Segment 1: Nigerian Elections
Writing for the Daily Trust in Abuja, Nigeria, columnist Is’haq Modibbo Kawu wrote last week…”Three weeks after the electoral process that has been condemned as the most fraudulent in Nigeria’s history, the fate of our dear country hangs in the balance. Of course, those alleged to have attained victory continue as if they reside on an alien planet; they are planning for life after May 29th when they will inherit power. But they carry on with their bravado with a huge amount of question mark about the problem of legitimacy.”
The Nigerian elections remain embroiled in charges of fraud and illegitimacy. Candidates defeated in April’s disputed Nigerian elections are struggling to gather evidence of fraud strong enough to overturn the results, raising doubts over they will be able to force a re-run of the vote.
Elections took place for the presidency, state governorships and national assembly in April, but observers said vote-rigging was widespread.
Lanre Tejuoso, who stood for a senatorial seat in southwestern Ogun State for the opposition All Nigeria People’s Party, said: “We’re trying to gather the necessary documents and then the lawyers will advise on whether it’s worth filing a petition.”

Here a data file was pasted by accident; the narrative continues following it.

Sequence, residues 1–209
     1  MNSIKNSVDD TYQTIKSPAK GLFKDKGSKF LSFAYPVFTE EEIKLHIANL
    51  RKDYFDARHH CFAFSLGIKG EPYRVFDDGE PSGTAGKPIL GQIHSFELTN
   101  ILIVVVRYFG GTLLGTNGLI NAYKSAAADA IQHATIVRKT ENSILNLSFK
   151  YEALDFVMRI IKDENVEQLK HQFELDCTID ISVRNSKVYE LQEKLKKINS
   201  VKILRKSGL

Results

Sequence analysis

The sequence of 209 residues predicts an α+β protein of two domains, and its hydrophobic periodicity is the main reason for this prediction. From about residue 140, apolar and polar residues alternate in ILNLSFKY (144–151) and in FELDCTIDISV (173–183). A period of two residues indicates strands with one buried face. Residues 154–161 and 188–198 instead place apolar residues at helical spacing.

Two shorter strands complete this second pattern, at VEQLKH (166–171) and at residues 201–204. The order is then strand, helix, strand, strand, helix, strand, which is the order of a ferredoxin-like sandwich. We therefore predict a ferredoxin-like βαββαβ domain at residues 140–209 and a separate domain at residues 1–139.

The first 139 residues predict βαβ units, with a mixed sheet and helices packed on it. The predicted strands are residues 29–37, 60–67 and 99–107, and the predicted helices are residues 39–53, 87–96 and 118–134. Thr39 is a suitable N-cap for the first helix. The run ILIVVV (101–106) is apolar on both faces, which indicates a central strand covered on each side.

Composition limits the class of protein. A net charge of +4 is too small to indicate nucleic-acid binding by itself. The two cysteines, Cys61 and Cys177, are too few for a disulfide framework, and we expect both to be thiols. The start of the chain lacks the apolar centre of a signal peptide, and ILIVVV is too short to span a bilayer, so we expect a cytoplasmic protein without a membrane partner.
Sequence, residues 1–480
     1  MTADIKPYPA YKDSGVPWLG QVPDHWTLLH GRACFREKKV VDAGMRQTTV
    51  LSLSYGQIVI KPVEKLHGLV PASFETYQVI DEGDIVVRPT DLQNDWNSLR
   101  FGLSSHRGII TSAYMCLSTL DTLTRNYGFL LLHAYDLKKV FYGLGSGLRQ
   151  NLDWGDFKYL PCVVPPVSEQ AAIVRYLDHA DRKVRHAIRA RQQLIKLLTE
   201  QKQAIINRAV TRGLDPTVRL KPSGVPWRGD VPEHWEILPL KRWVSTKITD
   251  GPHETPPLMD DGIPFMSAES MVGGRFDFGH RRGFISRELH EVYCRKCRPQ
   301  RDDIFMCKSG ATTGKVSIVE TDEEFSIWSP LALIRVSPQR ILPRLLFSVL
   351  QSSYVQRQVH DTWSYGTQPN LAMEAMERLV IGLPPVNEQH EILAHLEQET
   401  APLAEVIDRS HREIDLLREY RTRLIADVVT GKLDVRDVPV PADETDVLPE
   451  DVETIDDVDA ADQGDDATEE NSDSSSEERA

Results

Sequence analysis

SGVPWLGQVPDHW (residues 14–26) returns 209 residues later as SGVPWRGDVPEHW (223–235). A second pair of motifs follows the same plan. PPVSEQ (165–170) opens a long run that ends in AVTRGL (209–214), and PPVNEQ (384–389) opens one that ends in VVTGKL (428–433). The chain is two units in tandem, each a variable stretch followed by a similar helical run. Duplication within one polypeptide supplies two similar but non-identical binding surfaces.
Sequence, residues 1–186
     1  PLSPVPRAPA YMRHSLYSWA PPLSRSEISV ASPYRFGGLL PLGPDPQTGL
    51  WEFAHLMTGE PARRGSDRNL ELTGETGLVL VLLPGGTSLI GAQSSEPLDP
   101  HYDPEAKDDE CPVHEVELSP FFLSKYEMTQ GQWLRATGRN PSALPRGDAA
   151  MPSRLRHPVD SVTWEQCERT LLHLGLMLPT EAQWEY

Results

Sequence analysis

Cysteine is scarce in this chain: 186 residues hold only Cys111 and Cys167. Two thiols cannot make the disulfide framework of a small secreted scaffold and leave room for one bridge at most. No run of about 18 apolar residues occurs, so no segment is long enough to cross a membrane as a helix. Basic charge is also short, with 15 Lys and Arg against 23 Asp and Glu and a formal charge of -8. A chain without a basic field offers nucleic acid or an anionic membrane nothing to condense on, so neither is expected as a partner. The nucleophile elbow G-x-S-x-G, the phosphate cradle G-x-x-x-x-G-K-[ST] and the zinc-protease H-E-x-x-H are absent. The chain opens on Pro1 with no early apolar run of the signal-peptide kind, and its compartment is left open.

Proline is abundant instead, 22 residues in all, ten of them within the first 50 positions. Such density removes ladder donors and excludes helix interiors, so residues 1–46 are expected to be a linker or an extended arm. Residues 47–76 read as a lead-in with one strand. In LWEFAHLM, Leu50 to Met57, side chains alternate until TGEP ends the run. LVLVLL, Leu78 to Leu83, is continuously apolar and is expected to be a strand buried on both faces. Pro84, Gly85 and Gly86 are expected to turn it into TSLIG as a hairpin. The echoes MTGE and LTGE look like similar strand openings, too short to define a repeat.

What actually happened in the Nigeria elections? How will it play out? What effect will it have on the continent and here in the US?
Segment 2: Strike in Firestone Plantation (Liberia)
Striking workers at the Firestone Rubber plantation in the West African nation of Liberia clashed with police last week. Many people were wounded.
Between 6,000 and 8,000 workers at the plantation, which is run by a subsidiary of Japan-based tire giant Bridgestone/Firestone Corporation have been striking. They are demanding better working conditions and the removal of some of the top management. Striking workers set up roadblocks and threw rocks at a force of Liberian police and United Nations peacekeepers called to the site to disperse the crowd. The police released tear gas into the crowd and fighting broke out.